To be fully prepared to participate as active, contributing members of our society and world our children need to learn to be responsible for themselves, others and the environment. This deeper level of responsibility or social responsibility includes an awareness and growing appreciation of our connectedness to and interdependence on each other and our environment. On their way to becoming adults, the development of social responsibility can help our children find out who they are, what they can do and where they fit in our world. Parents (and communities) can provide opportunities for children and youth to learn about their world and how to contribute to the greater good and provide recognition to reinforce this.
By creating a caring and loving home environment, teaching children the importance of their actions and decisions, and teaching them the values of respect and concern for others, parents can build the foundation for social responsibility. Numerous lessons and opportunities abound in every day family life. When a child does something that hurts their brother or sister, parents can help them to reflect on how the other person feels as a result of what they did and how they might make amends or do things differently next time. Over time and with regular practice, children can grow in self control and accountability for their actions. Parents can extend the opportunities to care beyond the family to include others in their community including people in need. They also teach how a small act can make a big difference. Taking your child to visit an older adult in the community who lives alone or in a nursing home or helping them pack up some of the clothing and toys they have outgrown to bring to children at the local homeless shelter can reinforce the lesson of caring for others and social responsibility.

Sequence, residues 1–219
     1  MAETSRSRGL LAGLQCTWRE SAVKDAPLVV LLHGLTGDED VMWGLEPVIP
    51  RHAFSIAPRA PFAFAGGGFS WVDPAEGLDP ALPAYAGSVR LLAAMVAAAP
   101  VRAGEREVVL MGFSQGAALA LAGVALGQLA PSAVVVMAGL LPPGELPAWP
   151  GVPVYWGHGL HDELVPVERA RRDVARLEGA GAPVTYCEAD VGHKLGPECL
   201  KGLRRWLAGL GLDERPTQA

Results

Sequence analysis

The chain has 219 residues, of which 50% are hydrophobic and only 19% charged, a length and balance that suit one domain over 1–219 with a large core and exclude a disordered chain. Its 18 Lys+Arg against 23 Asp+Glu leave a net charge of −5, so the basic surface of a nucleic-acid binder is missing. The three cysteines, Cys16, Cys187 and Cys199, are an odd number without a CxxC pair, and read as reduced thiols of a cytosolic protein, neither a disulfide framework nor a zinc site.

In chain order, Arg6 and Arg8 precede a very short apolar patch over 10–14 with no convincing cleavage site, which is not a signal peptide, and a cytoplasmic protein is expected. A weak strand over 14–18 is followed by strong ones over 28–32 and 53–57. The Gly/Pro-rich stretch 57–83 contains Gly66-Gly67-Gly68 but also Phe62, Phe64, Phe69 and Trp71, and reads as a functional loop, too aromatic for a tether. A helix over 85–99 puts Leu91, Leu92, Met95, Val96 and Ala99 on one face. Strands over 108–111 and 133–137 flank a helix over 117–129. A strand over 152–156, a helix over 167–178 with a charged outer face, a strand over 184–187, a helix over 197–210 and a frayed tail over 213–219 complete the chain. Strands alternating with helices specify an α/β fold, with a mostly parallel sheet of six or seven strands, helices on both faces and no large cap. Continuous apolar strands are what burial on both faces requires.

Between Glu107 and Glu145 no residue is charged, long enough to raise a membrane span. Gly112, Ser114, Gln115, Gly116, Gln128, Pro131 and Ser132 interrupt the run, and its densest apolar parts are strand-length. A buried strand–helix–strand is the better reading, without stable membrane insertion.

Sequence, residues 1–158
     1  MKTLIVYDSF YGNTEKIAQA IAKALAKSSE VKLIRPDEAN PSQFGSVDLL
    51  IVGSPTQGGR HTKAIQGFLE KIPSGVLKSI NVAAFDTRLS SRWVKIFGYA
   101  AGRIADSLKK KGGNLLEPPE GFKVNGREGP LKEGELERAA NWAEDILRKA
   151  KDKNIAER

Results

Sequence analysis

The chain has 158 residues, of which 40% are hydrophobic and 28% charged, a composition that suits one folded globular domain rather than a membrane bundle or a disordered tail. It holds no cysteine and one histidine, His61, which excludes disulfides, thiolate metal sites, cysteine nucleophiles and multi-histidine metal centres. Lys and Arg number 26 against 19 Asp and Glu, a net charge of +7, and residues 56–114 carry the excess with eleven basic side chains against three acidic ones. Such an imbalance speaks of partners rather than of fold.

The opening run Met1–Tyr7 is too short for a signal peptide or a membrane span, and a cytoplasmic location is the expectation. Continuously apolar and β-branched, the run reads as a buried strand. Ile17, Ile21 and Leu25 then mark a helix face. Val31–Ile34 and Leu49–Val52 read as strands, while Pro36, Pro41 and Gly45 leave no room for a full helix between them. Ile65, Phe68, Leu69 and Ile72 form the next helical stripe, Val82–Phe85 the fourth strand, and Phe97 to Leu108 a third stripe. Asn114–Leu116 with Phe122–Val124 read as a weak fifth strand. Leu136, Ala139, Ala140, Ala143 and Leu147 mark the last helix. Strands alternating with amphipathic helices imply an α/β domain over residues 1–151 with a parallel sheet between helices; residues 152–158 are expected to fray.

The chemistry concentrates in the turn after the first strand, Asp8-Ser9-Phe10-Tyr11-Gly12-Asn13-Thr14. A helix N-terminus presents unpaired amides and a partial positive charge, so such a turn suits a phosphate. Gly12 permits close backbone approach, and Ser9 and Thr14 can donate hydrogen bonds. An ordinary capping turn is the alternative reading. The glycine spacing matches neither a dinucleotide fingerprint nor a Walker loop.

When you are a child, who takes care of you? Now, the cost of living is so high that many people under age twenty-five are moving back in with their parents. Young people are getting married later now than they used to. The average age for a woman to get married is about twenty-four, and for a man twenty-six. Newly married couples often postpone having children while they are establishing careers. ...
Our children are eager to learn about their world along with what they can do to make a difference. Keeping in mind the age of the child and having fun together while connecting often with the natural world together is important. Creating opportunities for young children to learn about the environment can be as simple as taking a walk in the woods, visiting a local farm or planting a garden. Any of these activities can stimulate your child’s natural curiosity while providing many teachable moments to talk about the delicate balance of nature and our responsibility to preserve it.